July 11, 2018 07:14 AM
New York State spends hundreds of millions of dollars each year fighting the opioid epidemic but it's how the state is spending new money from a tax on opioid manufacturers that is being called into question.
News10NBC looked into where the state's new revenue is actually being spent.
"It re-affirms to all of us that we need to keep working on this very dangerous epidemic," Monroe County Health Commissioner Michael Mendoza states.
Last week, the Monroe County Medical Examiner released new numbers showing a nearly 40 percent increase in opioid-related deaths last year.
"Until we get our arms around this, more people are going to die," Gates Town Supervisor Mark Assini states.
Local leaders say they need additional resources to fight the accelerating opioid crisis.
"We would have an opioid surcharge. Two cents per milligram would be paid by the manufacturer," Governor Cuomo states.
That's what many advocates thought was coming after Governor Cuomo created the opioid stewardship fund as part of this year's state budget.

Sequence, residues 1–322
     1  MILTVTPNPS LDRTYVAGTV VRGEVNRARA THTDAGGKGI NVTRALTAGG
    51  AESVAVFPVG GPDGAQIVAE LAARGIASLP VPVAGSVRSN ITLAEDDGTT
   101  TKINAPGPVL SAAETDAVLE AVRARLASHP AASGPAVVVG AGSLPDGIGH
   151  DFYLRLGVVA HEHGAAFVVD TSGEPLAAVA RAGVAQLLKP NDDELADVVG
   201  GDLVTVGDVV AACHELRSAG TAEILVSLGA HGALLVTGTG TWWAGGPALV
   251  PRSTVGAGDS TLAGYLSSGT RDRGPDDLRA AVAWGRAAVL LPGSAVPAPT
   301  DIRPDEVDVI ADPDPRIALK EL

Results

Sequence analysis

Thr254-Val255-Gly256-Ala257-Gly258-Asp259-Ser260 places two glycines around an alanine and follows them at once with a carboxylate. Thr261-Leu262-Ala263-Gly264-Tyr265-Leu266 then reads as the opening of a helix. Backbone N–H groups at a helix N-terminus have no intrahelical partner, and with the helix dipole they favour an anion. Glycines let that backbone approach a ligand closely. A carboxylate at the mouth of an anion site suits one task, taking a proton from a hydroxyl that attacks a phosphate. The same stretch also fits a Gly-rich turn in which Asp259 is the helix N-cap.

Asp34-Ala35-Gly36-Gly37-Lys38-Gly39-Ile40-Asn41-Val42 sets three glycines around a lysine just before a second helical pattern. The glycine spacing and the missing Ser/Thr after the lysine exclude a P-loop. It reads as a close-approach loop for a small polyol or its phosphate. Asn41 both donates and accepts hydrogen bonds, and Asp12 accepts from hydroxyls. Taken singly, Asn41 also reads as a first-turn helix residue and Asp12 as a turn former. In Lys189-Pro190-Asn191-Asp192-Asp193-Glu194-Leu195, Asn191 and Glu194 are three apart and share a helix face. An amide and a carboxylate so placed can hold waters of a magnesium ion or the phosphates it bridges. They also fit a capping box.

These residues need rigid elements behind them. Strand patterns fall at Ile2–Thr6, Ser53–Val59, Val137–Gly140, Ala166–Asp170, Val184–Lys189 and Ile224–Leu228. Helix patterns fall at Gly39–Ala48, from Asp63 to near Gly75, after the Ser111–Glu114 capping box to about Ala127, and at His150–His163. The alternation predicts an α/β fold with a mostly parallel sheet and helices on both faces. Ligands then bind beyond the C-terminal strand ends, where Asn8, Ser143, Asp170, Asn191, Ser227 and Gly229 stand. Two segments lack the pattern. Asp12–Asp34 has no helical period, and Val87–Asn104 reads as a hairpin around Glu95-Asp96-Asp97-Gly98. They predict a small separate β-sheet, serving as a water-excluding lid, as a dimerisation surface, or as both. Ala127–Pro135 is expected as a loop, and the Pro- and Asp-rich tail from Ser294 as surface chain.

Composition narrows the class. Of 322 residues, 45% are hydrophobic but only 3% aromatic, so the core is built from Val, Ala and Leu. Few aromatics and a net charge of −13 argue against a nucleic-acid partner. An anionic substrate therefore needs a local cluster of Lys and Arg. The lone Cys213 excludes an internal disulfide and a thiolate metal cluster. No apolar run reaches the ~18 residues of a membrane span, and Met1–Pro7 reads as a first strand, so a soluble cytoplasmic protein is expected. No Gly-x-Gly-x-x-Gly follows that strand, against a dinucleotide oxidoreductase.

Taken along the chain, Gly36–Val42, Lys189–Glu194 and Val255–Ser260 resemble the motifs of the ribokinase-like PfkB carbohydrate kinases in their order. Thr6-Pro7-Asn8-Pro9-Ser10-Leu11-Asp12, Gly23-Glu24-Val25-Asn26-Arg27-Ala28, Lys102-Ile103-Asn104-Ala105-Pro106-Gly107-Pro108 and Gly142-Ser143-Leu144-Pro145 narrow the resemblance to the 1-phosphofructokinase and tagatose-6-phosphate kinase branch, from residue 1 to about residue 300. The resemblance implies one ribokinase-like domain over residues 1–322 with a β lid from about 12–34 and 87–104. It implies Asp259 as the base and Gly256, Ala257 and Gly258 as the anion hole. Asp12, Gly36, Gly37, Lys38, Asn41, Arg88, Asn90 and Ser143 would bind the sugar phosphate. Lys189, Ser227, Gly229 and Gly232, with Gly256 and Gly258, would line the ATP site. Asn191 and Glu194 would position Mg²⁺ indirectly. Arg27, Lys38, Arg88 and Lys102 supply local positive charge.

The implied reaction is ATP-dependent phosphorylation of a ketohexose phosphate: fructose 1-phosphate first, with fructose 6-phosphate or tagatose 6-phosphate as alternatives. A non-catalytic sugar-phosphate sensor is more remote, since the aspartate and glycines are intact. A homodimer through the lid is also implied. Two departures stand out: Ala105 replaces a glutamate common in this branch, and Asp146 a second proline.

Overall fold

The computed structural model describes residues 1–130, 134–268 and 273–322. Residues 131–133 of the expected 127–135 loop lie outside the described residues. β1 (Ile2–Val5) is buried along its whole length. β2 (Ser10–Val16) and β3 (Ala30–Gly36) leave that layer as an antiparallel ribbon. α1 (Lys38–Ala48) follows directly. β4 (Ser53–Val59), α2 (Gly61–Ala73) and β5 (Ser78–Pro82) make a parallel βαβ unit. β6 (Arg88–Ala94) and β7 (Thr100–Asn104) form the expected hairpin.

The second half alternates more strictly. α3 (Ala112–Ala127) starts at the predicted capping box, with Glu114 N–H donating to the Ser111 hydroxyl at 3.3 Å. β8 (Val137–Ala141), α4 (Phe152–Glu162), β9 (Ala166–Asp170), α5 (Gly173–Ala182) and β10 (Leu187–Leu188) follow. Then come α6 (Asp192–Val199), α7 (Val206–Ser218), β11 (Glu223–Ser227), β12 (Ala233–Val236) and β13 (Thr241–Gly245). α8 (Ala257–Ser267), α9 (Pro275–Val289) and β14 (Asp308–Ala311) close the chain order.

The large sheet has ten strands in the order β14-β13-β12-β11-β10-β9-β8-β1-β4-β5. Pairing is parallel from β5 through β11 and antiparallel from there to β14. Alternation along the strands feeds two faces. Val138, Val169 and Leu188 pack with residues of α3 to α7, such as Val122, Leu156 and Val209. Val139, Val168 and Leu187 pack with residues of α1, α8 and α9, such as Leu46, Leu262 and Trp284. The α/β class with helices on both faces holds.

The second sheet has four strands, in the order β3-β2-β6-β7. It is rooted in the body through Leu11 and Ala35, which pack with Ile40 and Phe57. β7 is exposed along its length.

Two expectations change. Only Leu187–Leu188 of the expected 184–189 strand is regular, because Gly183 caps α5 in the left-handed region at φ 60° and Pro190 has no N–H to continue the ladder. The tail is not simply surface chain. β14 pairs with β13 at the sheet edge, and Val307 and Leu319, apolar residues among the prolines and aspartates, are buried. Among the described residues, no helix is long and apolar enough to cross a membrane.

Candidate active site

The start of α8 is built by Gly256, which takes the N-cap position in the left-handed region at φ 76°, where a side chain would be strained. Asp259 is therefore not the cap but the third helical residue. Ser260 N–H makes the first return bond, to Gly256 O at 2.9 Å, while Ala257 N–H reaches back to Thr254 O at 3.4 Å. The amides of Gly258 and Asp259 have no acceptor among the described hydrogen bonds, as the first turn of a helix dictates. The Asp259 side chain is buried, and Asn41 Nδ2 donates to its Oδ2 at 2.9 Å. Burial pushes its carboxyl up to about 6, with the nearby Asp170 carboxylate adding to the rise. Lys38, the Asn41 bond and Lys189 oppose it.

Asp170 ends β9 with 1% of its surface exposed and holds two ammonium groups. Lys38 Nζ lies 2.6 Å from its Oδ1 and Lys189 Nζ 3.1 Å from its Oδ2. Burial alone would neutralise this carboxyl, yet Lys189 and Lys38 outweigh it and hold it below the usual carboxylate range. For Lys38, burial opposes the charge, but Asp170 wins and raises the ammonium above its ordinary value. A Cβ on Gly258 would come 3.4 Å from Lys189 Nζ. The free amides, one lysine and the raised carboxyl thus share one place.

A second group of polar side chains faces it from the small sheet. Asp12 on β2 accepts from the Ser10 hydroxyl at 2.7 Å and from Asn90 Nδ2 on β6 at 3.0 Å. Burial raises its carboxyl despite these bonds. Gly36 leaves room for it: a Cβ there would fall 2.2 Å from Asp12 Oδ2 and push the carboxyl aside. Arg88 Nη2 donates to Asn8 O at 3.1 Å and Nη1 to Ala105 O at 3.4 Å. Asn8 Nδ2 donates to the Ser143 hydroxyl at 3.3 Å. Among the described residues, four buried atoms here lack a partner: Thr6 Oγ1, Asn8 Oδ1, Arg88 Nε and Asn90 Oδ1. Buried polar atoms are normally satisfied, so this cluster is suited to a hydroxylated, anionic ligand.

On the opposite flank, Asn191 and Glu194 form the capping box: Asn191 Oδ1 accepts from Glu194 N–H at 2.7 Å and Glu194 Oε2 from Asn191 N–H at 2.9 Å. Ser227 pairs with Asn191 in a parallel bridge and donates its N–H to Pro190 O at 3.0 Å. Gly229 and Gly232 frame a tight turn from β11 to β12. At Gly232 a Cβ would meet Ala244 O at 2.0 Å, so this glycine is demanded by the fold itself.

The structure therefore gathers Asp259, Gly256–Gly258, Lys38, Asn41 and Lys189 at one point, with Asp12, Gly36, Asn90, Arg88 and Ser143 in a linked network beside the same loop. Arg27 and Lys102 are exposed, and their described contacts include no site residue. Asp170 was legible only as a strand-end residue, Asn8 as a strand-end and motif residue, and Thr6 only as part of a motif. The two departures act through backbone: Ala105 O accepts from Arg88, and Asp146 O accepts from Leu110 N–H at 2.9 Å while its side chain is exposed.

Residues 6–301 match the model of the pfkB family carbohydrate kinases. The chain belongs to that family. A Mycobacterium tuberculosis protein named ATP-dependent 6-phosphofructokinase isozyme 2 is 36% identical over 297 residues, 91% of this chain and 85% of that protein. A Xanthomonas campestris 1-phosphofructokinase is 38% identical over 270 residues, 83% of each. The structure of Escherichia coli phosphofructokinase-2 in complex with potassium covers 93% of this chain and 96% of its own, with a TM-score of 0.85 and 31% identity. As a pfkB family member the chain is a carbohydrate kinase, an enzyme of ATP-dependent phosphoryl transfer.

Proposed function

"It would go to offset the costs that we're spending to fight opioid abuse," Cuomo adds.
But after a USA Today Albany bureau report showed a smaller increase in opioid-related state spending, many wondered where this money, the estimated $100 million, was being spent.
"I think most people take it as you're going to take that money and do new initiatives and add on new money to fight this epidemic and that's not what's happening," Senator Robert Ortt states.
All the money raised through this new tax *is* going into the opioid stewardship fund. It will go to fight the crisis.
However, as that money goes in, other money is re-directed elsewhere.
That's what state Senate Republicans, including Senator Rob Ortt, have concerns about.
"The bottom-line is this is the kind of thing you need resources to deal with," Senator Ortt adds.
So, News10NBC reached out to the state's budget office.
In a statement, they told us, "the fund is designed to hold opioid manufacturers and distributors accountable for their role in the opioid crisis, and help recoup taxpayer costs."
In other words, put pressure on drug makers, but not directly add new resources into the fight.
"To me, at the end of the day it's really more of a shell game and this is an area where we should not be doing that," Senator Ortt exclaims. "You're talking about kids, young people we know are dying every day. This is not a place where you want to play games with funding."
The budget office did point out the state's opioid-related spending increased by $23 million last year and a similar increase is expected in 2019 as well.
Updated: July 11, 2018 07:14 AM
Created: July 10, 2018 10:28 PM
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